Testing for Grazer Adaptation to Toxic Algae
Department of Ecology and Evolutionary Biology
University of Connecticut: Avery Point Campus
Department of Marine Sciences
University of Connecticut
Department of Arts and Sciences
Maine Maritime Academy
The intent of this interrupted case study is to present a clear example of both the scientific method and evolutionary adaptation in a model system consisting of marine grazers (copepods) and toxic prey (phytoplankton). Briefly, a certain toxic phytoplankton is found only north of Long Island Sound in the United States; however, populations of their copepod grazers are found more extensively from Maine to Delaware. Students will consider whether exposure to toxic phytoplankton among northern grazer populations has led to greater fitness compared to those populations that have never experienced the toxin (i.e., southern populations), and whether the evidence supports adaptation or plasticity. Students will also discuss the broader impacts of adaptation to toxins in marine food webs. A primary aim is to show students how to go from observation and hypothesis to analysis of data. This activity was originally designed for a second year evolutionary biology or ecology course, but can easily be adapted for the evolution section of a general biology course or an upper-level biological oceanography course.
- Understand how a set of observations leads to an important and testable scientific question.
- Generate a testable hypothesis.
- Develop a detailed experimental methodology to test the hypothesis, with emphasis on controls.
- Determine if the results presented in the case study support the hypothesis, and why.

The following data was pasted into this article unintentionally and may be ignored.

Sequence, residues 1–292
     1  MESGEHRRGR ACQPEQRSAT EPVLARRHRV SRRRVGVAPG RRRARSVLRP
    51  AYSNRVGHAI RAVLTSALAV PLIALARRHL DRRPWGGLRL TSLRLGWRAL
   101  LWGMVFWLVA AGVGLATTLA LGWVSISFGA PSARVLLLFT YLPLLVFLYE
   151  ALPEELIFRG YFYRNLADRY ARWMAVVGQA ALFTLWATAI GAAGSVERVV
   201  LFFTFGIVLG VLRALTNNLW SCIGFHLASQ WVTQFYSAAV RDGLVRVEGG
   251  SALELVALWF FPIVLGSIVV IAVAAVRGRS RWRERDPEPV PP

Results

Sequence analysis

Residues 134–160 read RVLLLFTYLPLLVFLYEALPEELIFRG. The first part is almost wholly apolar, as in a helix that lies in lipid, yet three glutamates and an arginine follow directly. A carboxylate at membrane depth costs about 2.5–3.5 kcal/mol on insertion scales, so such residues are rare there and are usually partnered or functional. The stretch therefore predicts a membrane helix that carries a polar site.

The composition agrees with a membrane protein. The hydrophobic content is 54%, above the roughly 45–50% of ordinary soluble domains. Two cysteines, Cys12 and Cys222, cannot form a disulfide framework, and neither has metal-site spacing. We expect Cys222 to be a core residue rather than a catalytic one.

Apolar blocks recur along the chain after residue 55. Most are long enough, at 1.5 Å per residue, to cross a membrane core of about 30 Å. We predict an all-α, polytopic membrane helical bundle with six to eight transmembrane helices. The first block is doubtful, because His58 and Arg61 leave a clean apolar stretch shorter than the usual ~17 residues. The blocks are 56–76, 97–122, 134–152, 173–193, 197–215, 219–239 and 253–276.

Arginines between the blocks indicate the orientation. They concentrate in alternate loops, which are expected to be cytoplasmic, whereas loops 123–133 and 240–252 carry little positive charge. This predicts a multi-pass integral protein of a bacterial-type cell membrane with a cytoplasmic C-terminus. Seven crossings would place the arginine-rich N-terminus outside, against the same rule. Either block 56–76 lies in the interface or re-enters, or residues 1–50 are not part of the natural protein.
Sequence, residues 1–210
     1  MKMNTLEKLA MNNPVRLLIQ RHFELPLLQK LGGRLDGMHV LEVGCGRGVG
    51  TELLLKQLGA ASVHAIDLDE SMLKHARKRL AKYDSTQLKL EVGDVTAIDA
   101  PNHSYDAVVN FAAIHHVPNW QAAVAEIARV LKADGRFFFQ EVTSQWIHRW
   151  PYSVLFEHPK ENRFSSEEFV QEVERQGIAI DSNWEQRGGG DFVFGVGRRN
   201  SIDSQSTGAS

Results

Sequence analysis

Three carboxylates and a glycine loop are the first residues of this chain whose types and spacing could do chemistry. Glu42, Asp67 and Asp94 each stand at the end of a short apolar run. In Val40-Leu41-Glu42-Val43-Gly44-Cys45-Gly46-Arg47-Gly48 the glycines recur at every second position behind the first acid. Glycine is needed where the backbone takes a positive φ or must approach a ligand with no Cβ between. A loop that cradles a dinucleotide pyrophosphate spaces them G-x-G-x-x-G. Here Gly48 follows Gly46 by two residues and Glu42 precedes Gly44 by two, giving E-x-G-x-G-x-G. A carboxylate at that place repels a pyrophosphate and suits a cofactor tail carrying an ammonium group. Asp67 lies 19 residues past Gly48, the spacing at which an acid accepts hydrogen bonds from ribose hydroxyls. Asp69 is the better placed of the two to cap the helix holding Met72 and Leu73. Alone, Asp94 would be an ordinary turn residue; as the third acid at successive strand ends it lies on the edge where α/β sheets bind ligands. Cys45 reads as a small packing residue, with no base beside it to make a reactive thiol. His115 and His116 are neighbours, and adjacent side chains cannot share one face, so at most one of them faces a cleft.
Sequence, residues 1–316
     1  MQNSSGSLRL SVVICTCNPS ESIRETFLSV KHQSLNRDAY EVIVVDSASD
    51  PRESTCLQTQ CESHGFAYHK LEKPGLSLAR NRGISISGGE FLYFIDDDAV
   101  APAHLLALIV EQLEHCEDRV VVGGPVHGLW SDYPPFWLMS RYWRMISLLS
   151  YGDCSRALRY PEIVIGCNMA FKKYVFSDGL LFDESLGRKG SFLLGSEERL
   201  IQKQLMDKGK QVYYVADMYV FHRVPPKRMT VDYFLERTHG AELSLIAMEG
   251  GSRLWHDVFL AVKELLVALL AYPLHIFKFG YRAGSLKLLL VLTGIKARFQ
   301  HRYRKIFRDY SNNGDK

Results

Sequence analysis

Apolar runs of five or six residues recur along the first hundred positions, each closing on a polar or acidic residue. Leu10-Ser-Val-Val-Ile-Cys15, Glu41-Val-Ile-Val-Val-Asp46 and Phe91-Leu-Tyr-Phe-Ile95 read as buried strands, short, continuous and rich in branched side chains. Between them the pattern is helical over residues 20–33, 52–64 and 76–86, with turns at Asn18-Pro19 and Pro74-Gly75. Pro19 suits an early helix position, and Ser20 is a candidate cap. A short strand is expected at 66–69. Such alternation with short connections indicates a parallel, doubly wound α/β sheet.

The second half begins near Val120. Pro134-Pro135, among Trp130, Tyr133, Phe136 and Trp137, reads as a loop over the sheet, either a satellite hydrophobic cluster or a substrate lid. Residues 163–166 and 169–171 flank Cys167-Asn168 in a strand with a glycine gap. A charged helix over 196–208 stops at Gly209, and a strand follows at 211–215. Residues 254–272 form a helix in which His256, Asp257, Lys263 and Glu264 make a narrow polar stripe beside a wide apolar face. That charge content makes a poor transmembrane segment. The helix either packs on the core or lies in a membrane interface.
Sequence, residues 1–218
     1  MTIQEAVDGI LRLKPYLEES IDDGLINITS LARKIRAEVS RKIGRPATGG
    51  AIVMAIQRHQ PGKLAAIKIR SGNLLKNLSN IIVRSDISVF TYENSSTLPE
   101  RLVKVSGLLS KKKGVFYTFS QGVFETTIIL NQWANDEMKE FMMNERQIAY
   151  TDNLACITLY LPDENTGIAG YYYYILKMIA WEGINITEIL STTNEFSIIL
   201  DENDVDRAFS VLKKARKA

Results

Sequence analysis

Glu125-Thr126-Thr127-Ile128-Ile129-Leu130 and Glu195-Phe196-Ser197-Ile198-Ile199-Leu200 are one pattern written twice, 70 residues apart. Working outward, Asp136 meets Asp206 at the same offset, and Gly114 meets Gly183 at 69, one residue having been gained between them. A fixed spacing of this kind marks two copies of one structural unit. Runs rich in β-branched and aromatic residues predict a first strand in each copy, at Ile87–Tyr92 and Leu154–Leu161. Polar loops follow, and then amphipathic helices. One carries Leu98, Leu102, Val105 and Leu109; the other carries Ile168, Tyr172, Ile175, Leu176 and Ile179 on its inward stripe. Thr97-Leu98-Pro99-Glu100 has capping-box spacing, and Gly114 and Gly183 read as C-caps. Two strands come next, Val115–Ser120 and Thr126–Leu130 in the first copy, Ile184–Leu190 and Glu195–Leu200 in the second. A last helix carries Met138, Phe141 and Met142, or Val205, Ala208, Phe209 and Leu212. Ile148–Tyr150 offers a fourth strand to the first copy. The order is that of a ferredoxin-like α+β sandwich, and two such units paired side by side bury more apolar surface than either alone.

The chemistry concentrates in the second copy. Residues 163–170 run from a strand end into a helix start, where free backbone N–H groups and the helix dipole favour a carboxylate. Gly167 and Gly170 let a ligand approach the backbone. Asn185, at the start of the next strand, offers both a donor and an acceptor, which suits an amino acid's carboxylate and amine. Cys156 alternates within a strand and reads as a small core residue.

- Identify how answering the question (i.e., testing and supporting the hypothesis) leads to additional related scientific questions.
Keywordsevolution; toxic algae; common garden; food web; copepods; Long Island Sound; paralytic shellfish toxins; PST; harmful algal blooms; HAB; nitrogen; nutrients; phosphorus; red tides
Topical AreasScientific argumentation
Educational LevelUndergraduate lower division, Undergraduate upper division
Type / MethodsInterrupted
Subject HeadingsBiology (General) | Ecology | Evolutionary Biology | Science (General) | Marine Science / Oceanography |
This optional material from Science Friday provides another nice example of rapid adaptation by a fish.How Lake Fish Are Coping With Pollution
Can The Great Lakes Stay Great?
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The following video(s) are recommended for use in association with this case study.
- The Origin of Species: The Beak of the Finch
This video from HHMI on the Galapagos Finches provides a great example of natural selection and adaptation and can serve as a useful introduction to this case study. Running time: 16:08 min. Produced by HHMI BioInteractive, 2014.